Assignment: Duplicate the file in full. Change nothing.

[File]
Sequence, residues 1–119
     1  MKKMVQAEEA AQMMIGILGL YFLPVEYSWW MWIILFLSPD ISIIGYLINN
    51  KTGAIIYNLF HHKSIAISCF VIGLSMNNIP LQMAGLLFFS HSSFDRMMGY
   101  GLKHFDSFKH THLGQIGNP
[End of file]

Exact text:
Sequence, residues 1–119
     1  MKKMVQAEEA AQMMIGILGL YFLPVEYSWW MWIILFLSPD ISIIGYLINN
    51  KTGAIIYNLF HHKSIAISCF VIGLSMNNIP LQMAGLLFFS HSSFDRMMGY
   101  GLKHFDSFKH THLGQIGNP